Moscow Authorities Now Propose Anti Gay Bill
 ILGA-Europe condemns St. Petersburg measure

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MOSCOW, November 17, 2011    The authorities in Moscow are now proposing to introduce a Bill that will outlaw the “promotion of homosexuality”, it emerged this afternoon.

The move comes less than 48 hours after the legislature in Russia’s ‘second city’, St. Petersburg, passed the first of three readings by a 27-1 (with one abstention) margin of their measure, ‘The Promotion of Homosexuality, Lesbianism, and Transgenderism to Minors.

The Moscow authorities are already preparing a ban on the promotion of homosexuality, the newspaper Gazeta is reporting.

"Yes, we plan to adoption of this law in Moscow and now [are] just working on its development,” chairman of the Moscow City Council Committee on Health Care and Public Health, Lyudmila Stebenkova told the newspaper, adding that the committee “commends the Legislative Assembly of St. Petersburg”.

Anton Paleeva, who chairs the committee for public associations and religious organizations in the Moscow City Duma, said that the proposed law in Moscow “will help everyone”.

“Such propaganda should be stopped,” he told Gazeta.

According to Ekho Moskvy, the Speaker of the Moscow City Duma, Vladimir Platonov, says that the capital was ready to follow the example of St. Petersburg.

The Ryazan region was the first to introduce an ‘any-gay’ law, with Arkhangelsk having a similar measure in place before St. Petersburg started its process.

Speaking last night about the proposed legislation in St. Petersburg, LGBT activist Elena Kostyuchenko, who is a journalist at Novaya Gazeta, a separate and more liberal publication, said it “could cripple the LGBT movement” in St. Petersburg.

Ms. Kostyuchenko, who publicly ‘came out’ days before Moscow Pride in May, was hospitalised with serious injuries during the Pride.

In Brussels, ILGA-Europe has condemned the bill passing through the St. Peterburg legislature.

The NGO said in a statement that it was “deeply concerned” about the proposal.

Such legislation would constitute a clear violation of the country’s international obligations to uphold freedom of expression and fight discrimination,” the statement said.

“ILGA-Europe is also disturbed by the fact that the draft legislation puts homosexuality, bisexuality and transgender identities on the same footing as paedophilia which is criminally punishable.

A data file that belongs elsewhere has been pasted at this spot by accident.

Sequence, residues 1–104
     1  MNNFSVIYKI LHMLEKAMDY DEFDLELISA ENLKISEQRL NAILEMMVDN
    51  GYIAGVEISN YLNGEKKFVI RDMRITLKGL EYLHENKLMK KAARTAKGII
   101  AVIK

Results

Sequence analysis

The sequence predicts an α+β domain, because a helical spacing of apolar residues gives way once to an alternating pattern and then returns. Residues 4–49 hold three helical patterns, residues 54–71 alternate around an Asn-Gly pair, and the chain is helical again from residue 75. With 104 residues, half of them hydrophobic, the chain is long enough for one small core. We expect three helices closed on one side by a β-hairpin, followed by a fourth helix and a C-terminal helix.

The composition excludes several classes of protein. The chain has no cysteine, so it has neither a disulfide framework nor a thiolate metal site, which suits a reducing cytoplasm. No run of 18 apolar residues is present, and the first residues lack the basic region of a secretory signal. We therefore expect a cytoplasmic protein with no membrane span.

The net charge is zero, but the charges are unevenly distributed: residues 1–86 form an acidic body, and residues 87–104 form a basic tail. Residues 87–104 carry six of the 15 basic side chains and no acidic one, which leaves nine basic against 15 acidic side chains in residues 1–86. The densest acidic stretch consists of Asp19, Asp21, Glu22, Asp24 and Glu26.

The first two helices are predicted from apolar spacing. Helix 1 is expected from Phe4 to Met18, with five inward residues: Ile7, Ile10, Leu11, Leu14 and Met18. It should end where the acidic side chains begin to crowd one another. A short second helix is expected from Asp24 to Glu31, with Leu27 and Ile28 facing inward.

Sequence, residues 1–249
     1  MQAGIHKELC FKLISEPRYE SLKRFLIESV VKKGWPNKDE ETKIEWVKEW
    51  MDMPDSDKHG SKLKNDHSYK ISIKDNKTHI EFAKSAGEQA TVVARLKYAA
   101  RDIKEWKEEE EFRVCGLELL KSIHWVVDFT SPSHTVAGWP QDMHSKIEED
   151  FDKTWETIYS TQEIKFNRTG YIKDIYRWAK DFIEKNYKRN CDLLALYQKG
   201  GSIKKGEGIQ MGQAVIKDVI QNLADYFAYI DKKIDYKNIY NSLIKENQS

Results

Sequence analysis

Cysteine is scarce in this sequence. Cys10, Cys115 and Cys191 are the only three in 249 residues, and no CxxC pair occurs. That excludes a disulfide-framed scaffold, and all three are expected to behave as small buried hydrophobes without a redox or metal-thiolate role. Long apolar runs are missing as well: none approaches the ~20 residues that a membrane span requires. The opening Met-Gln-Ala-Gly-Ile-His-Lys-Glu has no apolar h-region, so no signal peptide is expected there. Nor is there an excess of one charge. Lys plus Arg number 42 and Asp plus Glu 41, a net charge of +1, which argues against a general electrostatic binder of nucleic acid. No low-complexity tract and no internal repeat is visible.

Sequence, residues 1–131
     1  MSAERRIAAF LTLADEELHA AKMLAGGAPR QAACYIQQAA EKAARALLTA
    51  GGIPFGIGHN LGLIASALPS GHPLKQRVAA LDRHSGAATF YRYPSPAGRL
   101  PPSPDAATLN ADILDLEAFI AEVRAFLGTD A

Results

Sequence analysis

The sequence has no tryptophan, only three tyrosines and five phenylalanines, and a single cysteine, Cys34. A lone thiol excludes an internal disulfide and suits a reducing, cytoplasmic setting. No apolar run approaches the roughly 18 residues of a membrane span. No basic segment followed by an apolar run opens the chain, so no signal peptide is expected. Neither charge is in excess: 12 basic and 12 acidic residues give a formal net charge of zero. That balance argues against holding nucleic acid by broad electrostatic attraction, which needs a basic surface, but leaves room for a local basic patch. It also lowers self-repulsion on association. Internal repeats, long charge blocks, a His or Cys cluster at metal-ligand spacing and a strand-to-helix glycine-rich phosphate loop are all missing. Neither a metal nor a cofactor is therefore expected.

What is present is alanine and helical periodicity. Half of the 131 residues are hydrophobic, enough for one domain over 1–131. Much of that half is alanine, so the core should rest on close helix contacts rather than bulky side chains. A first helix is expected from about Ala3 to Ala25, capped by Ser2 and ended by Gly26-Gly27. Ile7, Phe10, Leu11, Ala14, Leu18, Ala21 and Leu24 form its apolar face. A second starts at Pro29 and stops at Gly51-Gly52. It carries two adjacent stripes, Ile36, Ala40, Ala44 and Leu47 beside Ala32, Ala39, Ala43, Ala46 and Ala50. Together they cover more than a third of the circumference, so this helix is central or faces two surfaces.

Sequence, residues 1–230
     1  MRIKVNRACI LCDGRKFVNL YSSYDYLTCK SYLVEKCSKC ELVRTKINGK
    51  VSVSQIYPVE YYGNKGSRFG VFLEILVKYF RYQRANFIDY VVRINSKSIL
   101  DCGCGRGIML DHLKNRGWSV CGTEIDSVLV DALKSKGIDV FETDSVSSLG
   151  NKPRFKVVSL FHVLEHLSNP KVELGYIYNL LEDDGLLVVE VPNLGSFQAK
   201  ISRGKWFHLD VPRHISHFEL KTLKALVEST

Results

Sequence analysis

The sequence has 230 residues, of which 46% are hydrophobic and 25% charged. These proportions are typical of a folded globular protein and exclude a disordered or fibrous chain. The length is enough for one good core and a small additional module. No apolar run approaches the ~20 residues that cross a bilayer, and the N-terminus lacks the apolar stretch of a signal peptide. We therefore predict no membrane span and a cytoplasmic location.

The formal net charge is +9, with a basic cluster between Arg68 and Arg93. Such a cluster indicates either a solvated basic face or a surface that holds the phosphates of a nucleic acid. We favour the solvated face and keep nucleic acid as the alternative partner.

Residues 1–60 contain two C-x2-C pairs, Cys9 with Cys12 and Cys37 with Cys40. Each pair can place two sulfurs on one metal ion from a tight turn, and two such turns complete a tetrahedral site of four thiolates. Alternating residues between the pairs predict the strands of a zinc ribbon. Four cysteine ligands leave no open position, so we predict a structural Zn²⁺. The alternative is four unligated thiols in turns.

The NGO also drew attention to Recommendation CM/Rec(2010)5 of the Committee of Ministers of the Council of Europe to Member States on measures to combat discrimination on grounds of sexual orientation or gender identity.

The Recommendation states that “Member states should take appropriate measures to ensure, in accordance with Article 11 of the Convention, that the right to freedom of association can be effectively enjoyed without discrimination on grounds of sexual orientation or gender identity; in particular, discriminatory administrative procedures, including excessive formalities for the registration and practical functioning of associations, should be prevented and removed; measures should also be taken to prevent the abuse of legal and administrative provisions, such as those related to restrictions based on public health, public morality and public order.”


What’s Russian for “Homosexual Propaganda”?  By Julia Ioffe.  In a near unanimous vote on Wednesday, the St. Petersburg city parliament passed the first draft of a law that would ban what the Russian press has labeled “homosexual propaganda.”  Actually, and if we’re to be precise, the law would fine people for “public actions, aimed at propagandizing sodomy”.  (The New Yorker, November 17, 2011)

Gay and Lesbian Rights: St. Petersburg About to Enter ‘Hall of Shame’.  Commentary by Nikolai Alekseev.  After Ryazan in 2006 and Arkhangelsk, this autumn the regional parliament of St. Petersburg is considering a bill which will outlaw ‘the promotion of homosexuality, lesbianism, and transgenderism to minors’.  St. Petersburg is about to enter the hall of shame of the Russian regions which limit a fundamental human right of an individual, the right to freedom of expression.  (UK Gay News, November 16, 2011)





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Posted: 17 November 2011 at 14:00 (UK time)


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